"Children exposed to prenatal or in-utero air pollution from traffic oftentimes have lower birth weights, somewhat smaller head circumferences, and a number of adverse outcomes," he noted. "There's certainly enough there to suggest an effect. And I think any one of those outcomes -- if they happen early enough in life -- can affect development through childhood and exert an impact on intelligence," Jerrett said.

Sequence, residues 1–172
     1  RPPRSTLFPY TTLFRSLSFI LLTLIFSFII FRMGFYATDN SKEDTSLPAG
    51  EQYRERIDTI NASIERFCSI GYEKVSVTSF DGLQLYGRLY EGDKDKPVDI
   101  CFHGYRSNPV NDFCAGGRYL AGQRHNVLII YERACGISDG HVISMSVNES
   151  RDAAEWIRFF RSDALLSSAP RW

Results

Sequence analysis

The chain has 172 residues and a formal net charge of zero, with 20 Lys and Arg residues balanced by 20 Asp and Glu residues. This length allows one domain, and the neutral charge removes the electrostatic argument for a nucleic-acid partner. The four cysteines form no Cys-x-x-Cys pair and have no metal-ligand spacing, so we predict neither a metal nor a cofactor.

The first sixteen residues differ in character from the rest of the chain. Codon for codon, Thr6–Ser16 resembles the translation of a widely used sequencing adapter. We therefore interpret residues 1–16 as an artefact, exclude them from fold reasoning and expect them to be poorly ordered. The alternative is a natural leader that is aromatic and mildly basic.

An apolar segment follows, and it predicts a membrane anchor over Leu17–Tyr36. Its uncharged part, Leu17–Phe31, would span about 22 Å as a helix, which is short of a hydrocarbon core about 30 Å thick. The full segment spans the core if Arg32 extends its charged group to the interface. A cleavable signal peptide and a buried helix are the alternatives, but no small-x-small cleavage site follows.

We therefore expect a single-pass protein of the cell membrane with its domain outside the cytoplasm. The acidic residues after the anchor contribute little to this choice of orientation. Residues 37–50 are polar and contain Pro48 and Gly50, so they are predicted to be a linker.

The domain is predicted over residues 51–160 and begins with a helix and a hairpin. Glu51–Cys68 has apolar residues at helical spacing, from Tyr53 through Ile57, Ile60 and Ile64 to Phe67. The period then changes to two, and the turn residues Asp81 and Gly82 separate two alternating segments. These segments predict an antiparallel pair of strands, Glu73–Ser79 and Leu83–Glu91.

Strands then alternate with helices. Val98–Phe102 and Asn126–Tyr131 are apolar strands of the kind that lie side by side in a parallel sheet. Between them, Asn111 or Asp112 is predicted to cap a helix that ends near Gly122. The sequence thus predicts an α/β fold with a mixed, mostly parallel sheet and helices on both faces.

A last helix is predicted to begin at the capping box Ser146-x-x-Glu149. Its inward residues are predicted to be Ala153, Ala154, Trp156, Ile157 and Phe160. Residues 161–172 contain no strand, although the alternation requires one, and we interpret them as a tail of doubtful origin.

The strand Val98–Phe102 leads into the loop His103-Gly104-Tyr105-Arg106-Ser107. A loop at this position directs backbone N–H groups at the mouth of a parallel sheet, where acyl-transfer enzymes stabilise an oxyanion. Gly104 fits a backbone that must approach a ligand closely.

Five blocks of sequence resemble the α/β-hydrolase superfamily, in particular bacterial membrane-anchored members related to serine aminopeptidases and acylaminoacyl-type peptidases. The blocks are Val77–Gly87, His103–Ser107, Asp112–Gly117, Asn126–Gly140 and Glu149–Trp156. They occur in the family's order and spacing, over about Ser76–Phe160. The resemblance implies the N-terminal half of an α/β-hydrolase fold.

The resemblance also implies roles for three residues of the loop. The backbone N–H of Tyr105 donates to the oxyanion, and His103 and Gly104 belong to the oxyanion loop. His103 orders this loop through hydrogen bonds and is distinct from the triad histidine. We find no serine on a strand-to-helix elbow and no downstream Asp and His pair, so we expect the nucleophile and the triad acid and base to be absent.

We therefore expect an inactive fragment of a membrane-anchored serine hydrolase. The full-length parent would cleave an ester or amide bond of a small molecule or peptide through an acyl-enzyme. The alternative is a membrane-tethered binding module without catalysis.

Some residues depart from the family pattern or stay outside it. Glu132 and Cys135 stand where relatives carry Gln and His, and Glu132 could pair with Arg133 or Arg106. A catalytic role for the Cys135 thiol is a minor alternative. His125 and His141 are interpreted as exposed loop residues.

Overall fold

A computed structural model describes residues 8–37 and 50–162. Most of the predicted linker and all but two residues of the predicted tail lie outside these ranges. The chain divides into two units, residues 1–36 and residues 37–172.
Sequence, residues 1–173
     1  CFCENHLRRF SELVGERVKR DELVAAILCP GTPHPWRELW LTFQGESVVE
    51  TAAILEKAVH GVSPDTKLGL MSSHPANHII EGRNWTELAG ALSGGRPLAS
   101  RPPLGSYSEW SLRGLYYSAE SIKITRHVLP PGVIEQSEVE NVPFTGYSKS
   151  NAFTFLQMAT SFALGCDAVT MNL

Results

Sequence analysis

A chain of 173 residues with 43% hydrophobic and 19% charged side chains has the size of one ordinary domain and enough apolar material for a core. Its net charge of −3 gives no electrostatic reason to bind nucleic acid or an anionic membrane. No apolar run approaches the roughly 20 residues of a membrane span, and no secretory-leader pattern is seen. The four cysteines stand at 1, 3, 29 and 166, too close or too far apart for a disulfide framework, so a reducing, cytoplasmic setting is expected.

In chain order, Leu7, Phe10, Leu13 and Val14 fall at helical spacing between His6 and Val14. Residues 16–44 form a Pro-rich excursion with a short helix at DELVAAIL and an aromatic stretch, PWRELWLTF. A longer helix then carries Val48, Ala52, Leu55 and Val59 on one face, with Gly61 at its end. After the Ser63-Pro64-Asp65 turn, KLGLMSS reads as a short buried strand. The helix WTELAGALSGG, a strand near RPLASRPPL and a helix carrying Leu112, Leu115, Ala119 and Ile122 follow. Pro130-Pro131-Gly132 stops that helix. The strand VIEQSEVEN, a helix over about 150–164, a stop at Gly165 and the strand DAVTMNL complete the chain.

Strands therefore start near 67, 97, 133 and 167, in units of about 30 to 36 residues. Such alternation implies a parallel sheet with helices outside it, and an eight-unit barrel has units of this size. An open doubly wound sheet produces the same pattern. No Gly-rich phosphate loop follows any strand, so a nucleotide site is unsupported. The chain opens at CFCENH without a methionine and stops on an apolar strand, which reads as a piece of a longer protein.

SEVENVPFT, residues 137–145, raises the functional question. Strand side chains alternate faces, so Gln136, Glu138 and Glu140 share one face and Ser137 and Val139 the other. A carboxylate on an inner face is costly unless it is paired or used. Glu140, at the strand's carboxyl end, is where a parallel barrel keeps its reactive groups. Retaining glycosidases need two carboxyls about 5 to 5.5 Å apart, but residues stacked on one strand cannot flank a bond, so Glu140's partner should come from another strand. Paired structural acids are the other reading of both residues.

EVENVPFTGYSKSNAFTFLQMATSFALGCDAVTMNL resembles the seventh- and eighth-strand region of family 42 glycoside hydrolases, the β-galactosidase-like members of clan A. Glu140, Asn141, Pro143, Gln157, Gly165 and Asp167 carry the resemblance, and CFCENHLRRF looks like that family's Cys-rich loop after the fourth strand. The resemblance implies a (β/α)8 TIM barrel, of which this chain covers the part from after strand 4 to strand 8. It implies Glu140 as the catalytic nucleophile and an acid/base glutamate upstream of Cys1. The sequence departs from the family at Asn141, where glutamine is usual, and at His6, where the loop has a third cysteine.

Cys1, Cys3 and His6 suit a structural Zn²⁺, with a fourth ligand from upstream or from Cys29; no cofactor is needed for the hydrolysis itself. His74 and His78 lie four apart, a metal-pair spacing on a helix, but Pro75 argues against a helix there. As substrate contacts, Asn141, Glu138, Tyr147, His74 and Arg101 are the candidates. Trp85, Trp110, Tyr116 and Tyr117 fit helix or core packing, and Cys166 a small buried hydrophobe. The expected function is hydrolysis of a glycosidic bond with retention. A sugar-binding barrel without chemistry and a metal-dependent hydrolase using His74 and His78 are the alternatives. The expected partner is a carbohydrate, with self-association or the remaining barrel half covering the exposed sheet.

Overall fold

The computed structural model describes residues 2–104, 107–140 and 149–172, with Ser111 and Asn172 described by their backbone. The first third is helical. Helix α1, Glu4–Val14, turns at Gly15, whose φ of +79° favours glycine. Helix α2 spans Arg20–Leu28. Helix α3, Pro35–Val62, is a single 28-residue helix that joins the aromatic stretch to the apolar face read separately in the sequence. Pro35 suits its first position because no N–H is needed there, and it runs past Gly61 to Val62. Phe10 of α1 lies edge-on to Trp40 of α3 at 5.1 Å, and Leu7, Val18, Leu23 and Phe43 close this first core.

"Of course you can't rule out other factors -- the school environment, the home environment, even the neighborhood environment -- that might affect IQ," Jerrett cautioned. "But certainly it is important for us to investigate this, and see what further study reveals."
For more on PAH exposure, visit the Agency for Toxic Substances and Disease Registry.
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